My experience as a disabled gamer

I was born in 1990 at 25 weeks and was 2 lbs 1 oz. I then had a stroke which left me with cerebral palsy on the left side of my body. When it comes to playing video games, my left hand doesn’t do much more than hold the controller steady. I don’t have the fine motor skills in my left hand to push the buttons on the controller with anything close to decent accuracy. When I was 8, I was trying to figure out which gaming console I wanted for Christmas. I was excited about some games had just come out, like Crash Bandicoot: Warped, Spyro the Dragon and Legend of Zelda: Ocarina of Time (the first two are exclusive to Playstation and Ocarina of Time was exclusive to N64). I had a decision to make. Do I go with Playstation or N64? I went to the store and looked at the games and the consoles themselves. Finally, I tried to hold the controllers. When I was younger, I had much less patience with my disability. I got frustrated really easily when I couldn’t do something. So, I knew if there was even a doubt if I could hold the controller in my left hand, I wouldn’t get that console. As you can guess by the title, the Playstation controller felt much more comfortable and secure in my hand than the N64 did. The Playstation’s Dualshock controller then and now with the third version just naturally fit my hand better. The N64 controller seemed to be designed to make you move your hands around. From Wikipedia, about the N64 controller  “This design was controversial, as by its nature it prevented the use of all of its features with the player’s hands in any one position; the D-pad, L-shoulder, analog stick and Z-trigger could not all be used at the same time as it required the player to switch hand positions, taking their hands off of the key directional controls.” crash and spyro

These guys quickly became two of my best friends.

 With the introduction of the Xbox in 2001, I briefly considered switching, but the controller is so bulky, I couldn’t (and still can’t) get my left hand holding it comfortably and securely. Today, nearly 15 years after I started with Playstation, I’m still with Sony. I love my PS3 and preordered a launch day PS4 bundle (Watch Dogs and Knack!) For the most part, only being able to play video games one handed doesn’t bother me, though every once in a while I get frustrated when the controller slips out of my left hand. I play so well that most people online wouldn’t know it if I didn’t say anything. I’m happy with my decision and have loved the Uncharted, God of War and Infamous series. I am concerned about Microsoft’s decision to require a Kinect to be hooked up to every Xbox One in order for it to function. I am unable to do any type of motion gaming (nor do I want to). I understand that you aren’t required to use the Kinect, but why would I even hook it up if I’m never going to use it? I am glad Sony decided to not go that route  for that reason and because it makes the PS4 $100 cheaper than the Xbox One. One thing that I think Microsoft could do to better accommodate disabled gamers like myself is to redesign their controller (I know it’s too late for the Xbox One controller). Tom Warren of The Verge nails it pretty well.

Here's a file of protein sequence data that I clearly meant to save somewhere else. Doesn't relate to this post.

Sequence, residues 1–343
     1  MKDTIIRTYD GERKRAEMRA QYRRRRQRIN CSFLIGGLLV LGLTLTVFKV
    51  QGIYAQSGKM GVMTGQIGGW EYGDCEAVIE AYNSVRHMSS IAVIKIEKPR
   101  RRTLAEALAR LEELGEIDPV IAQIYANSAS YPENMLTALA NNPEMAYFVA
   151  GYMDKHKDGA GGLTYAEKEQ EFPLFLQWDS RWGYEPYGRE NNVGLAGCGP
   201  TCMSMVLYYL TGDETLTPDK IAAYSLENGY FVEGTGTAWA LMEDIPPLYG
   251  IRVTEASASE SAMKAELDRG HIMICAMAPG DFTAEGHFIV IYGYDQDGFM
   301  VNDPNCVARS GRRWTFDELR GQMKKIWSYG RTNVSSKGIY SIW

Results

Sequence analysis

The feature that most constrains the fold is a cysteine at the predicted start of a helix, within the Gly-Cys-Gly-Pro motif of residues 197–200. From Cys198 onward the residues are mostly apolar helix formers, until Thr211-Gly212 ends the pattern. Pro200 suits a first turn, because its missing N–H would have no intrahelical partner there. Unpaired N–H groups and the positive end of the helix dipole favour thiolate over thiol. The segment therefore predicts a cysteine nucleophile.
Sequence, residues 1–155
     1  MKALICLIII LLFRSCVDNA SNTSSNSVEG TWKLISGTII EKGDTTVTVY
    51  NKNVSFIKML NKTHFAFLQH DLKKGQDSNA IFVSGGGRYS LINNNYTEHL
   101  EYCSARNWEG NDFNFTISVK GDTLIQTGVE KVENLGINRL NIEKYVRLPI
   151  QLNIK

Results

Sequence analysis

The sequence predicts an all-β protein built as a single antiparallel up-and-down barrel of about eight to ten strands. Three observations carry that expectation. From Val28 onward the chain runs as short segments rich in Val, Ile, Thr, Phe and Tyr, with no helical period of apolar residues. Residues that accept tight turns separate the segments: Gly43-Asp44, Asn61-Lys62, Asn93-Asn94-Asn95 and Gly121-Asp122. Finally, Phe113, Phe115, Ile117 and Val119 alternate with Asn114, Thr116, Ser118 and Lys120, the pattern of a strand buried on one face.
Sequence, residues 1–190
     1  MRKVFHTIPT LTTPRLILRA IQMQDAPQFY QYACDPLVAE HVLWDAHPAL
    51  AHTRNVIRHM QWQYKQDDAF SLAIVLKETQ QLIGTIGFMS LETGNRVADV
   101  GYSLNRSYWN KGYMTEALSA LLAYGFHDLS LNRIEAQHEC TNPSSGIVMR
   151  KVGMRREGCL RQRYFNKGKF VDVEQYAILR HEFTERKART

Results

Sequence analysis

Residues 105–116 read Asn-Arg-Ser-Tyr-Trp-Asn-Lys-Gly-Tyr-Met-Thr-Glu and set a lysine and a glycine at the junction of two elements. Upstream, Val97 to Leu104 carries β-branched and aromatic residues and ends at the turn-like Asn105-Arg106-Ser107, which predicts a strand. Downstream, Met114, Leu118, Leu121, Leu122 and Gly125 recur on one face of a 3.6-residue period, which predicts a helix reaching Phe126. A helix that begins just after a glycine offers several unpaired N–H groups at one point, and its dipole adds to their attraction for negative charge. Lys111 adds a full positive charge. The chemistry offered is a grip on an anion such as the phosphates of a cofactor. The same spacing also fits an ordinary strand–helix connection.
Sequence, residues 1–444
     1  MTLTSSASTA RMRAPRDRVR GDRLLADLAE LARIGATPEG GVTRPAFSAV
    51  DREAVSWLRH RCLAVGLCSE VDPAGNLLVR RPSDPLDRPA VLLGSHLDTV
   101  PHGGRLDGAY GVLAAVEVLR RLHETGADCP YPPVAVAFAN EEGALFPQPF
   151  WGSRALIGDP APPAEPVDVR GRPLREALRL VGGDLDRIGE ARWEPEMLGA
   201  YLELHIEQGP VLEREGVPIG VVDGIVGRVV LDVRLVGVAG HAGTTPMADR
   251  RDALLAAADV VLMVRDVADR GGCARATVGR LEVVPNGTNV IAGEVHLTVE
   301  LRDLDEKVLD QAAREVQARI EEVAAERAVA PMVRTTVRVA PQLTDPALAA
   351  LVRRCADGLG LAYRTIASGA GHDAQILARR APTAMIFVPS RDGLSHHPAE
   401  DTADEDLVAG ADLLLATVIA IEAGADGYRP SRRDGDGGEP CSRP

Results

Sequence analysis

Why doesn’t Microsoft put a lithium-ion battery in their controller? I honestly can’t remember the last time I’ve used batteries for something other than a TV remote. A lithium-ion battery would make the controller less bulky, and easier to hold for people like me. For people who worried about the battery life, Sony’s doubled the battery in the PS4 controller from 500 mAh (300 mAh in my controller) to 1000 mAh in the PS4 controller. Between Microsoft decision to require Kinect and their bulky controller design, I can’t help but feel snubbed by them.

Questions/Comments? leave them below or tweet me @petermorency

PS- if you are on PSN and want to play co-op, my ID is ghyul5.

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One comment

  1. I saw this on the beyond group, I’ve always preferred the PlayStation controller myself and the PS4 one is even lighter than the PS3 one, great story man.

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